Friday 24 March 2017

Why we shouldn't expect too much from our newest tax resident

Pfizer will shift its global headquarters to Ireland, for tax purposes, following a deal to merge with smaller Dublin-based rival Allergan in a transaction that is expected to close next year.
Pfizer will shift its global headquarters to Ireland, for tax purposes, following a deal to merge with smaller Dublin-based rival Allergan in a transaction that is expected to close next year.
Donal O'Donovan

Donal O'Donovan

In a so-called tax inversion a new Irish company is created at the top of, for example, the Pfizer-Allergan, corporate structure.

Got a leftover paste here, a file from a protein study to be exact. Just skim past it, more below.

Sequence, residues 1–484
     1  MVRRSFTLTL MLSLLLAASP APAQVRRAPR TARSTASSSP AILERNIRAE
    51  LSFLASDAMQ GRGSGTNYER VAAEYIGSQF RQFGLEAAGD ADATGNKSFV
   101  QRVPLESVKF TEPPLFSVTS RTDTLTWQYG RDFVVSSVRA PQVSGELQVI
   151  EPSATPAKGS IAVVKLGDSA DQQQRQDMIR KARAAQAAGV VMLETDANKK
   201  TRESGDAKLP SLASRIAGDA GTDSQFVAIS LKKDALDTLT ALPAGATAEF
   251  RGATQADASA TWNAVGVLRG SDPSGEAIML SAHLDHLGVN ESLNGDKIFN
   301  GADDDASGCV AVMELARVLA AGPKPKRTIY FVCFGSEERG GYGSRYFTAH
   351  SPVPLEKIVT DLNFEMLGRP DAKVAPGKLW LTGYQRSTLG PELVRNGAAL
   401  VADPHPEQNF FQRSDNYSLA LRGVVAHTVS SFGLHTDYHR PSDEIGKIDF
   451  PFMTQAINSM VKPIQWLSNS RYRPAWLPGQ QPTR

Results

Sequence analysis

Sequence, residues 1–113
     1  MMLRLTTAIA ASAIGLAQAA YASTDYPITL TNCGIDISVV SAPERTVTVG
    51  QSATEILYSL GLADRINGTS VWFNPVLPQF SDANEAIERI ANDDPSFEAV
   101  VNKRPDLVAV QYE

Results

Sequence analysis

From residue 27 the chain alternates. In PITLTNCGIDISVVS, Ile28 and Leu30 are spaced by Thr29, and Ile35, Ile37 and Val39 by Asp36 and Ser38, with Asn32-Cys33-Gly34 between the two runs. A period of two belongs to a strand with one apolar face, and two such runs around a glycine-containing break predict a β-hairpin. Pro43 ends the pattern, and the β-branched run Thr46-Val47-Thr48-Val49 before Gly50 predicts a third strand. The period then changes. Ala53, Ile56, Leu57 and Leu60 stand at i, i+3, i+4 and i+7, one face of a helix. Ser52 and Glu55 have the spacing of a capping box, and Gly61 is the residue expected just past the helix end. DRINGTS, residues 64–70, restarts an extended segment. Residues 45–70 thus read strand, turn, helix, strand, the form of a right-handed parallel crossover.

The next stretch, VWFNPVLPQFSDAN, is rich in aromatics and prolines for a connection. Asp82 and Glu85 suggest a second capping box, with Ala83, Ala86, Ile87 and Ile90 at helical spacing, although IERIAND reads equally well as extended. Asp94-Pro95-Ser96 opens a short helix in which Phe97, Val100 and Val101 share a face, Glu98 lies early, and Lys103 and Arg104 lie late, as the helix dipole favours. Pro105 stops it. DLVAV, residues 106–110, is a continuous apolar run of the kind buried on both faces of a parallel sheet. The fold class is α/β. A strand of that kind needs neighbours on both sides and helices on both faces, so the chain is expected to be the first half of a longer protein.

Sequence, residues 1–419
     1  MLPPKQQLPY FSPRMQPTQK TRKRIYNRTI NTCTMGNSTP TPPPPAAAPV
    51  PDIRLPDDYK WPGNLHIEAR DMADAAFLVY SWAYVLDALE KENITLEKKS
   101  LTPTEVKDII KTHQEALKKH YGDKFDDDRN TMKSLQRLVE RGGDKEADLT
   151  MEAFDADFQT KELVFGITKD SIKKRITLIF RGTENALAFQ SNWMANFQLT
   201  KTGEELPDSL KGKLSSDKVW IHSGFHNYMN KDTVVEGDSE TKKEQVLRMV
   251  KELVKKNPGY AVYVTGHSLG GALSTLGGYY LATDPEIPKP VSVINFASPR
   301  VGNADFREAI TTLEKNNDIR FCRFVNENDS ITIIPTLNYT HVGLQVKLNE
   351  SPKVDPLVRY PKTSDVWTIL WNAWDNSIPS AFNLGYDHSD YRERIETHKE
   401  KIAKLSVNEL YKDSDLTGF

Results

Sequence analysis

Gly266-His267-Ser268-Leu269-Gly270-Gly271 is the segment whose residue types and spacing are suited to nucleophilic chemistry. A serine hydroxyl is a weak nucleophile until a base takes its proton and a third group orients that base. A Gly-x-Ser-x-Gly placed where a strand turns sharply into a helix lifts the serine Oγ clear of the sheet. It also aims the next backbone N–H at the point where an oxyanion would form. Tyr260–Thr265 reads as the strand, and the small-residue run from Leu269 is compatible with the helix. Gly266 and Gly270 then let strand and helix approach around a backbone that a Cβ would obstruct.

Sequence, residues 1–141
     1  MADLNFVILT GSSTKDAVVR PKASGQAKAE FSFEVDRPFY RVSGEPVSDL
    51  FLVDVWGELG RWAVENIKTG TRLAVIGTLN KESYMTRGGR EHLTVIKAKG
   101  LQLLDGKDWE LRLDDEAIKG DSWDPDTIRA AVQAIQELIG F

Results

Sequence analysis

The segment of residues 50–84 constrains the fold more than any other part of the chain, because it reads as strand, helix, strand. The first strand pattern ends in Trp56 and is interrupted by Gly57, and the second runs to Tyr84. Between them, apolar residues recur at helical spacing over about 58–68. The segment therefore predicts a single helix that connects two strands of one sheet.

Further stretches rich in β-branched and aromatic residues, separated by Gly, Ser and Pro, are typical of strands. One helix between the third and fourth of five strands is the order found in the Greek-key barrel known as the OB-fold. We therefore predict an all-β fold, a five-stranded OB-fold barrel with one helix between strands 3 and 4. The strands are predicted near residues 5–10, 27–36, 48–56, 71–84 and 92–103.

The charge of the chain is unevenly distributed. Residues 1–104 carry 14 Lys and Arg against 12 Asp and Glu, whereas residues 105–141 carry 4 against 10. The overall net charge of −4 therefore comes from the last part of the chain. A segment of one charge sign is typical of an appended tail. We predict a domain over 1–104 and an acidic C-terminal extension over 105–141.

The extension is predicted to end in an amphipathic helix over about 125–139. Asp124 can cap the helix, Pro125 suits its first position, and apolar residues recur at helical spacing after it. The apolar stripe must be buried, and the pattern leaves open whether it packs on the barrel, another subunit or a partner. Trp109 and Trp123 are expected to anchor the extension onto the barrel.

Instead of global profits being liable for tax at the 35pc US rate, they can be taxed at our 12.5pc rate.

But the devil is in the detail. Currently, as a US resident Pfizer pays tax at 12.5pc on its Irish profits, and because its global profits are taxed at 35pc is also liable to pay the difference between the Irish and US rates to the American authorities - not the full 35pc. Once it becomes an Irish company the opposite happens.

Pfizer will still pay 35pc tax on US profits, and be liable for its global taxes here. However, because US tax has already been charged at a rate higher than ours (as will French, UK and almost all other national tax rates), under double taxation rules Irish authorities regard the tax as paid. The US's loss, doesn't really become Ireland's gain.

Irish Independent

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